The votes have been cast and now talks between the parties will determine the coalition that will lead Germany for the next four years.

The challenges facing Germany’s new government are significant – not least dealing with the ongoing COVID-19 crisis, which presents new and evident burdens.

Our public health infrastructure is at risk and the lessons learned from the pandemic must be applied but so too does the importance of intellectual property (IP) incentives; and how helpful smart digitalisation of health-related data can be.

These COVID-19 lessons can certainly be implemented in Germany, but the pandemic has shown that the next government should work towards collectively implementing the lessons throughout Europe. Both the potential and resilience of our health systems depend on it.

Innovation leadership at a global level

Twenty-five years ago, Europe was the global leader in medical innovation. Today, its share is only 25 per cent (lagging behind the USA with a share of 47 per cent).[1]

A stable, innovation-friendly framework for healthcare will strengthen research and development, accelerate innovation and ensure Europe remains at the forefront of medical research.

Appropriate incentives and IP infrastructure

Pursuing real innovation in the healthcare sector is time-consuming, complex, expensive, and risky. Protecting IP and providing incentives for medical research are both essential, enabling pillars of this task. Both are vital if the research-based pharmaceutical industry in Europe and our healthcare systems are to continue to be world-leading.

Introducing restrictions – whether related to supplementary protection certificates (SPCs), regulatory data protection (RDP), orphan drugs or drugs specifically approved for children – will weaken the ability of this dynamic industry in Germany and Europe to deliver ground-breaking innovation. It could consequently lead to further displacement of research to other markets. An unwavering commitment to maintaining current IP rules is key.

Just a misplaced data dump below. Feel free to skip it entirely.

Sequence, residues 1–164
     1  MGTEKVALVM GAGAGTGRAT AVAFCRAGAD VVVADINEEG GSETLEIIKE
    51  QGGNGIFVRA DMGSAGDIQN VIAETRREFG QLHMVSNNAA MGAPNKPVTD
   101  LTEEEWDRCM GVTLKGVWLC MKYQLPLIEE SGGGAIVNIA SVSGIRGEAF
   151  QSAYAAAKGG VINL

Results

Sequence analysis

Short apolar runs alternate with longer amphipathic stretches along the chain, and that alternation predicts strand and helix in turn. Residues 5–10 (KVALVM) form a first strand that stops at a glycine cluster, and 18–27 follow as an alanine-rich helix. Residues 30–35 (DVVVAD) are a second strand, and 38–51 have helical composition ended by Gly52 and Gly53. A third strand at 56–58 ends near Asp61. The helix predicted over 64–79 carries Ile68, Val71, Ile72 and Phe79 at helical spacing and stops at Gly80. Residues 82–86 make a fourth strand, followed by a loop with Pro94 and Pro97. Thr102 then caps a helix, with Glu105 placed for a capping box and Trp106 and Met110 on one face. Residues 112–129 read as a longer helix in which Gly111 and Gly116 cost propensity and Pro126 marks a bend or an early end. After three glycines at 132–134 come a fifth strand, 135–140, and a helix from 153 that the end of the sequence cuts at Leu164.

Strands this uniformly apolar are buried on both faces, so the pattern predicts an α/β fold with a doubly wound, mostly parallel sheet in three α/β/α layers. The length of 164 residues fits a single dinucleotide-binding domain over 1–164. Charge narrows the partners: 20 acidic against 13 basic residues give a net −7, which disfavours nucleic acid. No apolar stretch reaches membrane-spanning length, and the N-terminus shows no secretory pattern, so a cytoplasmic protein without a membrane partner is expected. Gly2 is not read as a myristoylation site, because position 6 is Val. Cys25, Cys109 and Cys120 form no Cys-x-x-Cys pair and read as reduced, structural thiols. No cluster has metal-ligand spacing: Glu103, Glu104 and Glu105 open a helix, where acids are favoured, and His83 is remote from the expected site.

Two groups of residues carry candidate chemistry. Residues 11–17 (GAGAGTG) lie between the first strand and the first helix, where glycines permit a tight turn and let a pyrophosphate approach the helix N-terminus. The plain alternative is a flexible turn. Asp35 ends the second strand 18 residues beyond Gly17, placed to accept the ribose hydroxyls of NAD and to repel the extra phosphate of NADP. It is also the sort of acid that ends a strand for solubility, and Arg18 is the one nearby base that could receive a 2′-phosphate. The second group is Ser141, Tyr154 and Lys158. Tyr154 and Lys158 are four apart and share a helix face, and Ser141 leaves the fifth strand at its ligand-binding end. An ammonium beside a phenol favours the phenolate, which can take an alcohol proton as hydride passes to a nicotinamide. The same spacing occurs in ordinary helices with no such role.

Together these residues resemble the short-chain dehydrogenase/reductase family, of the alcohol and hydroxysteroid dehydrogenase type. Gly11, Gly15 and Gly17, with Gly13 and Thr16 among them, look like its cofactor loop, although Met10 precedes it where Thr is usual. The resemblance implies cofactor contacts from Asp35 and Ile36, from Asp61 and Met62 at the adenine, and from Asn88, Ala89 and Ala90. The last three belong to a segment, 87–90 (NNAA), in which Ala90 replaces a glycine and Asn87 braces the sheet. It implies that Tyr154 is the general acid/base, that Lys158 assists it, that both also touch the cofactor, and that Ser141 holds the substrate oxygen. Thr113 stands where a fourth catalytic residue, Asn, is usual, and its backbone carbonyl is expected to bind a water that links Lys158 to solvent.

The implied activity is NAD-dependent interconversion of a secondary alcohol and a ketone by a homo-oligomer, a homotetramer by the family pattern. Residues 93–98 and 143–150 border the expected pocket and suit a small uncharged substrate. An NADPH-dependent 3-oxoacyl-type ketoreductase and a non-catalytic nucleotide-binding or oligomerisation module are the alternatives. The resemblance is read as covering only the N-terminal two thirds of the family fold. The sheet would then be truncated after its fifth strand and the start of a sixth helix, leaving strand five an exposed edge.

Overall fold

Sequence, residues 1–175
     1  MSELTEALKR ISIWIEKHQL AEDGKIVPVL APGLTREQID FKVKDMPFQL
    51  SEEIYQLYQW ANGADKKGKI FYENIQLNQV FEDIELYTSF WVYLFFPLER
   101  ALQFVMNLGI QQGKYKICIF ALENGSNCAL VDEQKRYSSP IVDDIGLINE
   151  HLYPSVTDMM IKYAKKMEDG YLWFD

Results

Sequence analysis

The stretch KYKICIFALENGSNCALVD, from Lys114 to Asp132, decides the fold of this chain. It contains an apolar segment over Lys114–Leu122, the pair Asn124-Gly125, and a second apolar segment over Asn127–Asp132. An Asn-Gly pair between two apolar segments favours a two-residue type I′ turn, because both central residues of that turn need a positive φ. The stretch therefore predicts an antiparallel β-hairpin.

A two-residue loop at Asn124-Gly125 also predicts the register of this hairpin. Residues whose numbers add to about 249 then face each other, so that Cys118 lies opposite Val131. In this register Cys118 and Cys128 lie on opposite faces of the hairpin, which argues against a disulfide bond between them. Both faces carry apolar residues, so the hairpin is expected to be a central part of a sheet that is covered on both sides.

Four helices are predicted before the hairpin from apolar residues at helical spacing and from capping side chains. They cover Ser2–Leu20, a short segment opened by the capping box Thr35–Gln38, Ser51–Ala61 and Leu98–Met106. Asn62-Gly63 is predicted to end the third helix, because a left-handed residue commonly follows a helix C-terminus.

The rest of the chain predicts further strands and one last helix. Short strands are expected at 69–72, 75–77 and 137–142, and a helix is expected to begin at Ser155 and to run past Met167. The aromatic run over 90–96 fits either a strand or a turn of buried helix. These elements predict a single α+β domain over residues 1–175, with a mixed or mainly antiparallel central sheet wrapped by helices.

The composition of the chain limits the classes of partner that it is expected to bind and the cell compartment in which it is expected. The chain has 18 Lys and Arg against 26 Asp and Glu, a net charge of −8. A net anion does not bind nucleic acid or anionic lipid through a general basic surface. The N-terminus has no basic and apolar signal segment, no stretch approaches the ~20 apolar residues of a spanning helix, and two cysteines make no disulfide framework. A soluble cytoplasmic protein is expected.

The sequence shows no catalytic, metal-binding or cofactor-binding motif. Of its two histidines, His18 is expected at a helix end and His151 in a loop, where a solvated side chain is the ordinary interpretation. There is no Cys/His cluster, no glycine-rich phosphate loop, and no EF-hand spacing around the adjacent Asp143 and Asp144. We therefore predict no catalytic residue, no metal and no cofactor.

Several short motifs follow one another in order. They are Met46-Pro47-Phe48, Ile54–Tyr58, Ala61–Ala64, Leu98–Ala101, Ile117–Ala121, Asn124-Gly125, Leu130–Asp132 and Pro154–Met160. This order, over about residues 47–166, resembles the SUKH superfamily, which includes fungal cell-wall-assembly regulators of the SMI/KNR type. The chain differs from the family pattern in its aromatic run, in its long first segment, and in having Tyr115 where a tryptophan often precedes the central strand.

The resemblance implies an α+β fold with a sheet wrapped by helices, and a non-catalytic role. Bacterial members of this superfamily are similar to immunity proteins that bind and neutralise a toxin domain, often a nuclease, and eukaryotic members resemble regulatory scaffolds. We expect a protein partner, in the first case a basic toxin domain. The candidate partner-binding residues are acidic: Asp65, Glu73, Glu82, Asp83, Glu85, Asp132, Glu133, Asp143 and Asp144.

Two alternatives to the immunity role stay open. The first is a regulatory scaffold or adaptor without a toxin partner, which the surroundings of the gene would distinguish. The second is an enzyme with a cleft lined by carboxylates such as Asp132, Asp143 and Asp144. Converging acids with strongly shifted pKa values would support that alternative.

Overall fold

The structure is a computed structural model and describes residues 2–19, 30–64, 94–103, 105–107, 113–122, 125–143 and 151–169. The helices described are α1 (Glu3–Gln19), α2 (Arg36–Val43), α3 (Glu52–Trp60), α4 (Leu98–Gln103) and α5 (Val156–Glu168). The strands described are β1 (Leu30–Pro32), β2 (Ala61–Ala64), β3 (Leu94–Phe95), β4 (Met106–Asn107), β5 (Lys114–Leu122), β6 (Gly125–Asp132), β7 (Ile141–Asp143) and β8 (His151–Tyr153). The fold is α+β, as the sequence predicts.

An efficient and secure infrastructure for health data

A wave of digitalization in healthcare is opening up many opportunities for more efficient and effective use of public and private resources. Smart digitalization is improving the quality of therapeutic treatments, preventive health measures and medical research.

Germany has introduced the world’s first scheme through which doctors can prescribe digital health applications (DiGAs) as part of a patients’ treatment plan,[2] and since 2021 every individual in the German healthcare network has had a digital health file.[3]

But the intelligent exchange of information should support more in-depth collaboration between stakeholders. Scaling this up to create a joint European Health Data Space would provide new options, such as for the design of clinical trials and for the real-world assessment of medicines and medical devices in the lives of patients.

Before we can get there, a transparent and forward-looking attitude to data protection is a must. The next German government must encourage innovation to enable a superior healthcare service focussed on patients’ needs. An open-minded approach to health data that fully exploits the potential of digitalisation would provide benefits for millions of citizens in Germany and Europe.

The coming four years of the new Bundestag term creates new opportunities for Germany, and also for Europe, to demonstrate its global leadership in health. An innovative future means modernising our health systems under a European umbrella and bringing progress to patients. An innovative pharmaceutical industry is clearly a part of this future, and Lilly is
dedicated to growing our business in responsible and sustainable ways that better people’s lives and benefit society.

Now is the moment to come together to make the right choices and set the focus on our key industries.

[1] PWC, Economic and societal footprint of the pharmaceutical industry in Europe, June 2019.

[2] Digital Health Applications (DiGAs) - EXTERNAL: Digital-Health-Applications

[3] New German digital project paves the way for online access to personal electronic health records (2021) BMJ Opinion,